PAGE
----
ATA exec finds CSA faults
An American Trucking Associations representative told carrier executives that upcoming Comprehensive Safety Analysis 2010 rules will rely on inconsistent state accident reporting and that carrier safety performance scores will be based on a flawed formula.
Rob Abbott, ATA vice president of safety policy, made his remarks to carrier executives gathered last weekend for the 2010 Pegasus TransTech Users Conference in Clearwater Beach, Fla. Pegasus TransTech provides Transflo, Transflo Express and other technologies that speed the billing cycle and help carriers go paperless.
At the same conference, Cynthia B. Witty, safety investigator for the Federal Motor Carrier Safety Administration, said enforcement under the new rules would stress compliance with hours-of-service. If a carrier is found to have numerous HOS violations, “I’ll be coming in for an audit,” she said. Witty also noted that current out-of-service criteria at roadside inspections will remain substantially unchanged with CSA 2010.
Abbott said the ATA generally supports CSA2010 but finds fault with some of its features. He said CSA 2010 safety scores will be based on reports from FMCSA inspectors, state agencies and sometimes from regional authorities, but that only those agencies that participate in the federally funded Motor Carrier Safety Assistance Program will report violations, and most law enforcement below the state level is not part of MCSAP. That means accidents in some states are far less likely to be reported to FMCSA than in others, resulting in uneven enforcement under CSA 2010. “Carriers with operations in high reporting states may find it harder to maintain good CSA 2010 scores than those who operate in states where reporting is low,” Abbott said.
According to Abbott’s presentation, states that most consistently report truck accidents to FMCSA are Indiana, Kansas, Missouri and New Jersey; those four states report between 80 percent and 90 percent of truck crashes. The lowest proportion of reporting comes from Florida and New Mexico, which report fewer than 30 percent of such incidents, and Mississippi, which reports between 30 percent and 40 percent. The same information shows that variations exist among other major trucking states, such as California at 50 percent to 60 percent, Ohio at 40 percent to 50 percent, Pennsylvania at 70 percent to 79 percent, and Texas at 60 percent to 70 percent.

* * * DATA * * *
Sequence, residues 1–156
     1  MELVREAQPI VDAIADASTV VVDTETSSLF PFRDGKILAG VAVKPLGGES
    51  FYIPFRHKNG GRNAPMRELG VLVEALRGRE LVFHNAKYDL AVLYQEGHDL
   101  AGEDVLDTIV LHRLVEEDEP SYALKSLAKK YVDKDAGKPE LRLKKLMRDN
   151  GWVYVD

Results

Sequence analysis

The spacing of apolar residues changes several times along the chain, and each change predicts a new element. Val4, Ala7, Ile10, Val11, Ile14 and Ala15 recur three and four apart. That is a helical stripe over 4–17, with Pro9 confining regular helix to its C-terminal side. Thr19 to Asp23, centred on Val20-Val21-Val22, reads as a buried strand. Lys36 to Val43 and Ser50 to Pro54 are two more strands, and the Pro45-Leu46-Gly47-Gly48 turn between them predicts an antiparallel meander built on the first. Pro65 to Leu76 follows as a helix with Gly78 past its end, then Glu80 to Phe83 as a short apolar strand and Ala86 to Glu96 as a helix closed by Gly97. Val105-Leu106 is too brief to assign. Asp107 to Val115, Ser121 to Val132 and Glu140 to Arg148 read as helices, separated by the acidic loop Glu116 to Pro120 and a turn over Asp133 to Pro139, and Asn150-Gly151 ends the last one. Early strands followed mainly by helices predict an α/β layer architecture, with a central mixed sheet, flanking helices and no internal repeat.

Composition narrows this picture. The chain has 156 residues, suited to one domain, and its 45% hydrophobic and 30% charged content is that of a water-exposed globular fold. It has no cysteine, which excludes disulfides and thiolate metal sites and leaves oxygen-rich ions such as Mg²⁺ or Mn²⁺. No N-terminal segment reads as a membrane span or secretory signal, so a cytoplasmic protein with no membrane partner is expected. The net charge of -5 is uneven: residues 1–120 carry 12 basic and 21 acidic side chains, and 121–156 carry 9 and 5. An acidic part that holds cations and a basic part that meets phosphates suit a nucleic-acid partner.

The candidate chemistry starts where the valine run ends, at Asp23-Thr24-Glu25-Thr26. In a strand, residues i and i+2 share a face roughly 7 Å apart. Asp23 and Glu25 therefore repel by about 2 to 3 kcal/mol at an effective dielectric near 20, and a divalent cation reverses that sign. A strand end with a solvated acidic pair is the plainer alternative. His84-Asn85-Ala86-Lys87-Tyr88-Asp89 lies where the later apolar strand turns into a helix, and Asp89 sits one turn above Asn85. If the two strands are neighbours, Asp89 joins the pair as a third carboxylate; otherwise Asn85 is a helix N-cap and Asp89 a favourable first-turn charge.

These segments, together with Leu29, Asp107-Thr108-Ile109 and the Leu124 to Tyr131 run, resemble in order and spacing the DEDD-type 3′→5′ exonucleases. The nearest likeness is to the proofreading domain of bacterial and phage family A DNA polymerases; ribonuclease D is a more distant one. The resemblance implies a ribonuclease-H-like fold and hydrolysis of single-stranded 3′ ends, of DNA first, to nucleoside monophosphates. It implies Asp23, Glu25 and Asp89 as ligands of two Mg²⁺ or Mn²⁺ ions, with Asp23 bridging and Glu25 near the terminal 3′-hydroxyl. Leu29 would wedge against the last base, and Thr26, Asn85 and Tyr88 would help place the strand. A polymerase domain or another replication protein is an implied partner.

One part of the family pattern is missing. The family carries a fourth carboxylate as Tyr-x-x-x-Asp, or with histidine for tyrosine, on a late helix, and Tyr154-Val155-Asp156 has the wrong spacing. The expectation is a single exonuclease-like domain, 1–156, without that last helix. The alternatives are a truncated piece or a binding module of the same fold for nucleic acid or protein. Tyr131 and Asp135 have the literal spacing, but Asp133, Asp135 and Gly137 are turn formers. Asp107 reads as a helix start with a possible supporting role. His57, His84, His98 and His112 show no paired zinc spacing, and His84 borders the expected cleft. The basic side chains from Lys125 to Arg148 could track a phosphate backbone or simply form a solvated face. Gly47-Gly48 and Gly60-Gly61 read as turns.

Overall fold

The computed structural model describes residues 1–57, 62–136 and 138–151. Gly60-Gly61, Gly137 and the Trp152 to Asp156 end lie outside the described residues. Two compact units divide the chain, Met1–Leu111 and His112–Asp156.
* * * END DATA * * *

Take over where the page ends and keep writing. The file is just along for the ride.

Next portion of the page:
Abbott also said the formula for arriving at a CSA 2010 safety score is flawed. At its most basic, he explained, the formula divides the number of carrier violations by the number of U.S. Department of Transportation-registered trucks in the fleet – without regard to miles actually driven. “That can hurt efficient carriers with high equipment utilization because they travel more miles and do more work with fewer trucks,” Abbott said. Conceivably, Abbott said, a carrier could improve its safety score under CSA 2010 simply by adding trucks to the fleet.
State reporting data was gathered and published by the Transportation Research Institute at the University of Missouri.